Vicarious liability, also known by the Latin term respondeat superior,
or by imputed liability, is a legal concept that assigns liability to an
individual who did not actually cause the harm, but who has a specific superior
legal relationship to the person who did cause the harm. Originated from English
Common Law. This principle originates from the maxim, Qui Facit per Alium
Facit per sewhich means he who does an act through another is deemed in law
to do it himself. Constituents of Vicarious Liability include.
(1) There must be a relationship of a certain kind.
(2) The wrongful act must be related to the relationship in a certain way.
(3) The wrong has been done within the course of employment.
Under Civil Law
An act is deemed to be done in the course of employment if the authority to give
a wrongful act is given by the master to the servant; or some legal act is done
by the servant in an illegal way. By these one can be made liable in civil law:
·If there be some relationship between the wrongdoer and the other
·If the person abets the wrongful act or omission committed by the other
·If the former ratifies or authorizes the act of the other knowing that
the act committed or omission done was tortious in nature.
·As standing towards the party who committed a wrong in such a relation
that it entails responsibility for the acts or omission done by the other
Under Criminal Law
The principle which is followed in the criminal law is that a person may be held
liable as the principal offender, even though the actus reus
was committed by
some other person. The law focuses on the relationship between the two parties
and attributes the act of the one to the other. It should be noted that the
concept of vicarious liability is a civil concept and in the case of criminal
law it is an exception rather than a rule.Under Section 149of the IPC if any
member of an unlawful assembly commits any offense in furtherance of a common
objective, every member of that unlawful assembly will be held liable for that
offence. Section 154says If such occupier or owner or any person who has
some interest in the piece of land does not inform the proper public authority
about unlawful assembly on that land, will also be held liable for such
activities..Section 155also makes a person vicariously liable on the owner
or occupier of the land for the omission of their agent or manager if any
activity takes place on the land and the agent or manager does not prevent
illegal activities happening on their property.
Vicarious Liability Of State
In India our Constitution is supreme and the doctrine King can do no wrong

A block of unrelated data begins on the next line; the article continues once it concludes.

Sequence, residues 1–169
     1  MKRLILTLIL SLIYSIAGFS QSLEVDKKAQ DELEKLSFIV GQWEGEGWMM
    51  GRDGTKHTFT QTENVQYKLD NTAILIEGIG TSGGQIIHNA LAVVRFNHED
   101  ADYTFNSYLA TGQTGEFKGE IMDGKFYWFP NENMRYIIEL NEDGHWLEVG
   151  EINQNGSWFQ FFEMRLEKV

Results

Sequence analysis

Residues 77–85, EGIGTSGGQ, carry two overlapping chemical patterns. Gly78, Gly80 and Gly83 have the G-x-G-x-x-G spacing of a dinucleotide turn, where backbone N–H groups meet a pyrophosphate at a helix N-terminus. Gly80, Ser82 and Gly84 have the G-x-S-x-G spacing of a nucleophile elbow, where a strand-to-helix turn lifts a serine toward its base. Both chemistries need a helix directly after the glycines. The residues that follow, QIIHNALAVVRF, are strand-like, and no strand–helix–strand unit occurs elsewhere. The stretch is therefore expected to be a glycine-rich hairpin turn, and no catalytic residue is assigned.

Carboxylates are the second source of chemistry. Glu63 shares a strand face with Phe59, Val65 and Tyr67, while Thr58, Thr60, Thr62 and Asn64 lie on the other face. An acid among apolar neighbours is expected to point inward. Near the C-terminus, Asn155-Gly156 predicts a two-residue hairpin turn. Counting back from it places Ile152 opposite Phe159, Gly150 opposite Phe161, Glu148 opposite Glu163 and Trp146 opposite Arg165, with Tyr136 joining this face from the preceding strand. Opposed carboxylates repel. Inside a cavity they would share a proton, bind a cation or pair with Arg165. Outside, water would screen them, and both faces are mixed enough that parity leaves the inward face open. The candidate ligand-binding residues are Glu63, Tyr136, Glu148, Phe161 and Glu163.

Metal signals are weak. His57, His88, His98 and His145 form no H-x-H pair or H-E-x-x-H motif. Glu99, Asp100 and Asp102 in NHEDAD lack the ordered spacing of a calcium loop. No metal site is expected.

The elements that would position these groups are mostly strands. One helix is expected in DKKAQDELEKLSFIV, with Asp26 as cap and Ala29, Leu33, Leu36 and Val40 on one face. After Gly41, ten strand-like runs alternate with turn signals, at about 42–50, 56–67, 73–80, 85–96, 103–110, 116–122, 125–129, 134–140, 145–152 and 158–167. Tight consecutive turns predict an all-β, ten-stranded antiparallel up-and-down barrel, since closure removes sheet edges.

no applicability. And thus, state can be made party and be made liable
vicariously for the acts of its employees and thus state.The position of State
liability as stated in Article 300of the Constitution is that the Government of
India may sue or be sued by the name of the Union of India and the Government of
a State may sue or be sued by the name of the State;
In, Shambhu Nath Singh and Ors. v/s State of Bihar
AIR 1960 SC 725,it
was said that Section149of the Indian Penal Code is declaratory of the
vicarious liability of the members of an unlawful assembly for acts done in
prosecution of the common object of that assembly or for such offences as the
members of the unlawful assembly knew to be likely to be committed in
prosecution of that object.
In, Superintendent and Remembrance of Legal Affairs, West Bengal v/s Corp. of Calcutta
AIR 1960 SC 1355,it was held. Civil and criminal statues now apply to
citizens and state alike and state is equally bound.
In, Aneeta Hada and Ors. v/s. Godfather Travels and Tours Pvt. Ltd. and Ors.
SC2795,it was laid down that a corporate entity can also be held liable
vicariously for the wrongful acts.
In Vinubhai Ranchhodbhai Patel v/s. Rajivbhai Dudabhai Patel and Ors
AIR 2018 SC 2472 it was said that Section 149 propounds a vicarious liability in
two contingencies by declaring that if a member of an unlawful assembly commits
an offence in prosecution of the common object of that assembly, then every
member of such unlawful assembly is guilty of the offence committed by the other
members of the unlawful assembly and also even in cases where all the members
of the unlawful assembly do not share the same common object to commit a
particular offence, if they had the knowledge of the fact that some of the other
members of the assembly are likely to commit that particular offence in
prosecution of the common object.